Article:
For a man blessed with adonic eyes, supreme acting prowess and a natural knack for attracting supermodels, Leonardo DiCaprio has been pretty unlucky. Every time he gets nominated for an Oscar, another leading man trumps him and goes home with that tiny nude dude.
This thesis excludes his breakout portrayal of Arnie in What’s Eating Gilbert Grape. At 19 years old, DiCaprio nailed a sympathetic and spell-binding role, delicately toeing the line that black-faced Robert Downey Jr. so indelicately described.
He outdid the ever-wrinkly Tommy Lee Jones who won for his drawling Wyatt Earp-iness in The Fugitive. Jones was solid, but DiCaprio delivered the singular performance of that year. And in doing what no one else can do should be the foremost criteria of a winner.
But seniority threw the award to Jones because young Leo was the acting equivalent of high school LeBron. No doubt, he’d run the next two decades and fill a bookshelf with statuettes.
But then, he didn’t. In between “Pussy Posse” escapades, he got the nod for The Aviator and Blood Diamond, but lost to Jamie Foxx’s reincarnation of Ray Charles, then Forest Whitaker’s vilely charismatic Idi Amin in The Last King of Scotland. Seven years later, he received consideration for his motivational debauchery in The Wolf of Wall Street. But, he smacked into the McConaissance and lost to Matthew's gallantly gaunt go as Ron Woodroof in Dallas Buyers Club.
The whispers turned to snickers. DiCaprio, the beacon of dreaminess, had failed to achieve his craft’s highest honor. Honestly, I don’t think this ongoing snub bothers him too much. But we like to think it does, so at least something is wrong in the life of this stupid handsome, exorbitantly rich and radically talented dude who gets frequently laid by professionally good-looking blondes.
But among the all-white Oscar nominees this year, DiCaprio is most due. In The Revenant, the vegetarian actor ate a bloody slab of bison liver. His Hugh Glass guts, then sleeps naked inside a frozen horse cocoon. He dives into frozen rivers and rolls in the snow in rags. He embodies primal survival in the insta-classic grappling match with a CGI Grizzly that tears his vocal cords to ribbons—a “wound” he cauterizes with gunpowder.
He told Vanity Fair, “This was a film that had been floating around for quite some time, but nobody was crazy enough to really take this on.”
But DiCaprio was. And that means something because he doesn’t get the scene-chewing monologues usually traded for such sacrifice. Alejandro González Iñárritu deploys him as a semi-mute, rotten ragdoll against nature’s gargantuan beauty in the least fun episode of Man vs. Wild imaginable.
All Leo has left is his eyes. And those baby blues run the gauntlet of human emotion. They harden with malice, boil with helplessness, wobble with despair, glaze with weary persistence and brighten briefly in a mellow snowflake-catching moment. But always, they smolder with the deep heat of old coals to avenge his son and to rid the world of a bad man, Tom Hardy’s semi-scalped Southern scumbag, John Fitzgerald.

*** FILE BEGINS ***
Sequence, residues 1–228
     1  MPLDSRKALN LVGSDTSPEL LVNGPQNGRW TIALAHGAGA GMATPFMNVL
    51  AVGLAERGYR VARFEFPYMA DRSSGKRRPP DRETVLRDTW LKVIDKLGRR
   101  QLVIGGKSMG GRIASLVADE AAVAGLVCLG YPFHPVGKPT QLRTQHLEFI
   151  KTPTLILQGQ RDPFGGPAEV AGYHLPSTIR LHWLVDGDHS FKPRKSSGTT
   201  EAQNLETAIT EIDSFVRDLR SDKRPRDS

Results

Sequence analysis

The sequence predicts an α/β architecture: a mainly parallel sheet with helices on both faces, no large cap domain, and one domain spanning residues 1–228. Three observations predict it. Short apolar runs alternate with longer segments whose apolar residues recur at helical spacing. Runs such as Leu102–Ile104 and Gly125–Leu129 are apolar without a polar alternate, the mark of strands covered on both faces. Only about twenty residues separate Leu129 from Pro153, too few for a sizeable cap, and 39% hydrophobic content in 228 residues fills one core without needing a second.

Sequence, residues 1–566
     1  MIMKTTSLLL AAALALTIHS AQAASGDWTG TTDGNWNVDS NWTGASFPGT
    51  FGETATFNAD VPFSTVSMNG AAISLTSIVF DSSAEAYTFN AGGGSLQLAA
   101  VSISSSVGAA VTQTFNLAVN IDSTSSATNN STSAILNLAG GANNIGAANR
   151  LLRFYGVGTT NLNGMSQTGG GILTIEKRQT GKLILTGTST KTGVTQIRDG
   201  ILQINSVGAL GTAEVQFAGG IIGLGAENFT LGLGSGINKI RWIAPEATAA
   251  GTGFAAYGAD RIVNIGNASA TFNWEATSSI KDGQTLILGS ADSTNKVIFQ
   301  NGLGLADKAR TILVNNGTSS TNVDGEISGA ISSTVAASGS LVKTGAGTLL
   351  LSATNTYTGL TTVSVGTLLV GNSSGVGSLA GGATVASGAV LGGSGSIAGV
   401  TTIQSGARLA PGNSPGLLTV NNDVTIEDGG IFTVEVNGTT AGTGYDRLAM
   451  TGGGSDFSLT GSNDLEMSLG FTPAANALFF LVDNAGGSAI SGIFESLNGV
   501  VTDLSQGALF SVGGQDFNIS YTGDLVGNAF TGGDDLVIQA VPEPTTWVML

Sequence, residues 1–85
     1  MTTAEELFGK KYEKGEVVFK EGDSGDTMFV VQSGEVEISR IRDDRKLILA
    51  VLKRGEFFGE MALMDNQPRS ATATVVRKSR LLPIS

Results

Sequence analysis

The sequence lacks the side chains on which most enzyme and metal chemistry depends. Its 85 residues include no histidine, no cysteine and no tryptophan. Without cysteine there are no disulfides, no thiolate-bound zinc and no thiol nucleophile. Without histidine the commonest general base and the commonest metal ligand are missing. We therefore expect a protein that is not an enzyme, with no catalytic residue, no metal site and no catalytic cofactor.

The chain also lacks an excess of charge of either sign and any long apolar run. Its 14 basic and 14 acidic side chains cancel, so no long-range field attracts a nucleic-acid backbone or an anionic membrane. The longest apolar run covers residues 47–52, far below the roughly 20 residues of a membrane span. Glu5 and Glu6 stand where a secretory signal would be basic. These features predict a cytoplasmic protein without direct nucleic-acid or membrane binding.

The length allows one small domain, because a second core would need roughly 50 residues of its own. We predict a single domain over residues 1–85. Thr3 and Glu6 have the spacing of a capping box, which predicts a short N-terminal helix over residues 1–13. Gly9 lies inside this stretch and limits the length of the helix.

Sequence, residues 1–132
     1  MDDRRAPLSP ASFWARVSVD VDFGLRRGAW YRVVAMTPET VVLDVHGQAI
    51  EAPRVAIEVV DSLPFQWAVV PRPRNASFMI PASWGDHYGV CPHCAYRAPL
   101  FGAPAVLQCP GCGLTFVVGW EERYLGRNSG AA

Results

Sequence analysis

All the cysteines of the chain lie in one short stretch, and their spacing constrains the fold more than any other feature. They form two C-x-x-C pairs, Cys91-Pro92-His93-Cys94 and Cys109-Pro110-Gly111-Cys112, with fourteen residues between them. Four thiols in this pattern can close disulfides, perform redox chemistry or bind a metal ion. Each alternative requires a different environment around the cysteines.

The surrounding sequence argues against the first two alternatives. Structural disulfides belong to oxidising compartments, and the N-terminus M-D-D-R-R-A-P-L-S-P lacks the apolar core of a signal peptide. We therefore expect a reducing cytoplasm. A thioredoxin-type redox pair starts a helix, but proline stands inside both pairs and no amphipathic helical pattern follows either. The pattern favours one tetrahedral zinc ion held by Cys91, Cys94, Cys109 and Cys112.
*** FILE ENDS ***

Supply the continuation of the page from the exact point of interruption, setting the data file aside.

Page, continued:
Which, here’s the thing: Tom Hardy acts laps around DiCaprio in this. The British chameleon delivers sociopathic koans of hardscrabble pragmaticism as casually as I would order a sandwich. He menaces as a desperate, racist man with an unrelenting thirst for cash and an utterly unromantic outlook on the bleakness of his crappy life.
Hardy had the better role. But DiCaprio deserves this award because he had the harder role. He did something that no other actor would or could. He can barely speak, barely move, and still, he turns in a tour-de-force. He captures the inspired, nihilistic soliloquies of True Detective’s Rust Cohle with his eyes alone.
And in case we forgot, in 2012’s Django Unchained, DiCaprio crushed a performance that flouted his entire past. Jack, Romeo and Arnie freakin’ Grape slipped on the greasy skin of slave owner Calvin Candie—aficionado of mandingos, feeder of humans to dogs and phrenological wiper of blood on the flawless face of Kerry Washington. DiCaprio went IN, but the nom and the Oscar that should have been his went to castmate, Christoph Waltz.
Now, I enjoy Waltz’s cultured-but-violent schtick more than anyone, but we had already recognized a superior version of that in Inglorious Basterds a few years before. Rewarding him twice rather than validating DiCaprio was absolute fucking nonsense.
So that marks three performances where DiCaprio did what nobody else could do. And this year, his competition is uncharacteristically weak. Damon, Redmayne, Cranston and Fassbender bring it, but don’t do anything knock-down brilliant, and didn’t nearly kill themselves for art.
Give that stupid piece of crudely molded gold to DiCaprio, so we can bury this tired joke and let him have the award that he earned when he was 19 years old.